A little further north, the Tures and Aurina Valleys offer the perfect setting for sports and relaxation. Their peaks are over 3000 m high, just asking to be climbed. At the top you can enjoy breathtaking views, surrounding yourself with nature. The mine in Predoi will take you back in time with its underground train. Above all, for wellness buffs don't miss the Puster Valley's bike trail in Brunico (where you can roam the mountains, fields, mountain pastures and woods) and Almweg 2000 in Casies, a long signposted path which enhances one of the most beautiful Alpine landscapes. The Casies Valley is renowned for its traditional, welcoming Alpine summer pastures. Nearby, the tranquil tourist town of Rasun will welcome you to the Anterselva Valley, a paradise for cross country skiers in search of tranquillity and relaxation. The cross country ski slopes in Anterselva are part of the Dolomiti NordicSki Consortium and cross a romantic frozen lake. For decades the Anterselva area has hosted the Biathlon World Cup, an event that has become a permanent fixture on the worldwide sports calendar. The lively centre of this valley is Brunico, where winter sports lovers have Plan de Corones right around the corner, Alto Adige's number one ski spot with over 100 km of slopes and the latest generation in ski lifts. As well as downhill skiing, you can also enjoy cross country skiing, skating and ski-touring; and after a day on the slopes there's nothing better than a visit to the wellness temple, Cron di Riscone. In the summer the area around the Dolomites is perfect for taking walks and climbing, while cyclists can enjoy both tranquil bike paths and tough downhill routes.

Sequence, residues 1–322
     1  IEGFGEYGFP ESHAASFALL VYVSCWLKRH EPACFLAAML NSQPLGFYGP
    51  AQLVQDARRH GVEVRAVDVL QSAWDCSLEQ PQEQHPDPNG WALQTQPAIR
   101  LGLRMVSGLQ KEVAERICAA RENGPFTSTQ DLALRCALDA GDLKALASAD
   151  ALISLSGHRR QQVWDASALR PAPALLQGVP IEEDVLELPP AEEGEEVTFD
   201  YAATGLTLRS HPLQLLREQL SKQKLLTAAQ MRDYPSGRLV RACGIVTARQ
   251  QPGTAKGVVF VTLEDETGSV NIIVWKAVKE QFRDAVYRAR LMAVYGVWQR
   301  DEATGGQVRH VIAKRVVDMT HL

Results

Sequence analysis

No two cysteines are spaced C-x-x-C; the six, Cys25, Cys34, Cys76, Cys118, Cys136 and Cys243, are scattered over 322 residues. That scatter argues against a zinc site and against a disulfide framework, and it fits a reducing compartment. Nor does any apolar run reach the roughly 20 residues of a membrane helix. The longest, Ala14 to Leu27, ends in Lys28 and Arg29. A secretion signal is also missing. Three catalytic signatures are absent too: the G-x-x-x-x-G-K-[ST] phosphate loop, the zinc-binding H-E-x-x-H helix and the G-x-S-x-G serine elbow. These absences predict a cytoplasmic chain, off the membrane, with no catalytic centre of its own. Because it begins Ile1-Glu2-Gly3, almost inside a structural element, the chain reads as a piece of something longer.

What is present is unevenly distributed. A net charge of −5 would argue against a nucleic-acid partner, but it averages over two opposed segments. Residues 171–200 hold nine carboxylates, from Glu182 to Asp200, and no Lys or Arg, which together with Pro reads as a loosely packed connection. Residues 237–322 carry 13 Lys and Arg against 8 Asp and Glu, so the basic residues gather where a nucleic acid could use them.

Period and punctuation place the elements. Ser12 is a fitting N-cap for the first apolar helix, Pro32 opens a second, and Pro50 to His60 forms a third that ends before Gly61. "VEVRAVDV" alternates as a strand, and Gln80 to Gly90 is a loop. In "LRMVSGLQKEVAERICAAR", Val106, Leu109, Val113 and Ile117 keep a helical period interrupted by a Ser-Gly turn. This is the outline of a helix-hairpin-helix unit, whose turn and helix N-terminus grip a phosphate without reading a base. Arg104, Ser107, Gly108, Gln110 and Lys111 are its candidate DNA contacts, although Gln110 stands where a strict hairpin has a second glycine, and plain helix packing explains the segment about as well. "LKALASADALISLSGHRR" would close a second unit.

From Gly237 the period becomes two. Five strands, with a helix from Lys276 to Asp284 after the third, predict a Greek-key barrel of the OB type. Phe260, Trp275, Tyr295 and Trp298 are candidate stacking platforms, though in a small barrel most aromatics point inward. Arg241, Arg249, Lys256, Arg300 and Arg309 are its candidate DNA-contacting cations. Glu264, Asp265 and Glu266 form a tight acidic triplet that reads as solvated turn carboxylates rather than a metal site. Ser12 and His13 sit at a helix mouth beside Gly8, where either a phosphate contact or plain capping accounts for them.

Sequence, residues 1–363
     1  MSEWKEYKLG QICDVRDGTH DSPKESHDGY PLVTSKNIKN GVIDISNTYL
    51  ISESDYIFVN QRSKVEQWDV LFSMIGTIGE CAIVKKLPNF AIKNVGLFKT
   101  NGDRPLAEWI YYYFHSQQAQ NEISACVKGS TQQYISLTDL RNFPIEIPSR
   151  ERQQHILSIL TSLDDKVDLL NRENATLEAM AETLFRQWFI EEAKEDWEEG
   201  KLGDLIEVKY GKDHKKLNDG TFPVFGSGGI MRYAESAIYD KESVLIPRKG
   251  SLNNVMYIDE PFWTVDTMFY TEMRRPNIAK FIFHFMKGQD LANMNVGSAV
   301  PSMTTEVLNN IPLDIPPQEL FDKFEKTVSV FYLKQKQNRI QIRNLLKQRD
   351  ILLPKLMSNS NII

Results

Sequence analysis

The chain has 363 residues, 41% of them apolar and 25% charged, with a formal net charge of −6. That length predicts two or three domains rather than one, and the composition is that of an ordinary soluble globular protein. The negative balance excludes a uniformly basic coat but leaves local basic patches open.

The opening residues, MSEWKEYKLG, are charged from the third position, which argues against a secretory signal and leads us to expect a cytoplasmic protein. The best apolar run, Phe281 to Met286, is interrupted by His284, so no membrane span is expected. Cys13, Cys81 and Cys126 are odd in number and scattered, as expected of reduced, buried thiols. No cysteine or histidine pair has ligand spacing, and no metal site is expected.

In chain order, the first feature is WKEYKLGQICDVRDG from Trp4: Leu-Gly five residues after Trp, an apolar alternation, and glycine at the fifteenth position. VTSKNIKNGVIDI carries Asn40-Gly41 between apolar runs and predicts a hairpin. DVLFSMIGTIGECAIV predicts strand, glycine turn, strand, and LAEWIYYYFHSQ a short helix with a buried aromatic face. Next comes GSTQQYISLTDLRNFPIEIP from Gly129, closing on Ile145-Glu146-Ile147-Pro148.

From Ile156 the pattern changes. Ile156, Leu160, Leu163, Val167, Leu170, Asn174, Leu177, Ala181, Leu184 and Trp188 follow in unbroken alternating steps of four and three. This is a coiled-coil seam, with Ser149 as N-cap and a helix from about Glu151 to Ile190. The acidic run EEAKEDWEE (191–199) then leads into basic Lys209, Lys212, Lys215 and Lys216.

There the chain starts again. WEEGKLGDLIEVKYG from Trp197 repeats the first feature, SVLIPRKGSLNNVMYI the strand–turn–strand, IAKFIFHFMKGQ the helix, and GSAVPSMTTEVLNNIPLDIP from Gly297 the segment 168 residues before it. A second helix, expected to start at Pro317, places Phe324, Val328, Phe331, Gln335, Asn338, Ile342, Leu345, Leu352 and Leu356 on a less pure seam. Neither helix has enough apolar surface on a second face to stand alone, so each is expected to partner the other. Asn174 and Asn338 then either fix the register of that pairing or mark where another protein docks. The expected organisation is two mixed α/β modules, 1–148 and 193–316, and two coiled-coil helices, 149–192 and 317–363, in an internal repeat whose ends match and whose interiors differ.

The Eisack Valley, south of Brennero, gets its name from the river that crosses it, the main tributary of the Adige. The three major cities are Bressanone, Vipiteno and Chiusa, today lively destinations full of fashionable shops, elegant cafés and precious cultural treasures. The steep slopes of the Eisack Valley are covered in apple orchards, vineyards and chestnut groves. Autumn is the season dedicated to an old rural tradition that originated precisely in this place: Törggelen, that is, going from farmstead to farmstead to taste the new wine and the typical dishes of this season. Exploring the valleys around the Eisack Valley will also be an experience you will never forget, with their little towns in close contact with nature, nestled in an Alpine setting that will win your heart. If you are in the area, you just have to go down the Sentiero del Castagno, a signposted trail that winds through colourful broadleaf forests, bright green fields and centuries-old chestnut groves, from Varna (near Bressanone) to Castel Roncolo (just north of Bolzano), via the Renon plateau. For those who love to cycle, the Brennero-Bolzano bike trail is remarkable. Exploring the Eisack Valley by bicycle means savouring the pleasure of pedalling in idyllic places. Along the bike trail in Brennero which from the Austrian border leads to Bolzano going through Vipiteno you will see softly rolling hills and many places rich with history and culture. Merano and the surrounding area is a place of palm and olive trees in the valley, and snow and ice in the mountains. The landscape around the charming city of hot springs won the heart of Princess Elizabeth of Austria, better known as Sissi. The nearby towns where the landscape distinguishes itself for its boundless vineyards and apple orchards offers countless opportunities for outdoor pursuits, especially excursions and walks down paths along the irrigation canals; in the bordering valleys, like Ultimo Valley and Passiria Valley, the scenery is entirely different and reveals ancient farmsteads which speak of centuries of tradition. The Alta Via di Merano is one of the most evocative excursion routes in all the Alps. The trail marks—so to speak—the border between the high-altitude climate of the Texel Group and the more Mediterranean one of the Adige river plain. Not far from Merano are the Gardens of Castel Trauttmansdorff, a botanical garden with ponds, tree-lined paths, flowers and plants from all over the world. Staying in Merano means always having something to do: the selection goes from Haflinger horse riding lessons (Easter) to the Grape Festival in October, from the Merano Music Weeks at the end of autumn to the Merano International WineFestival & Gourmet in November, up to the period of Advent in Merano.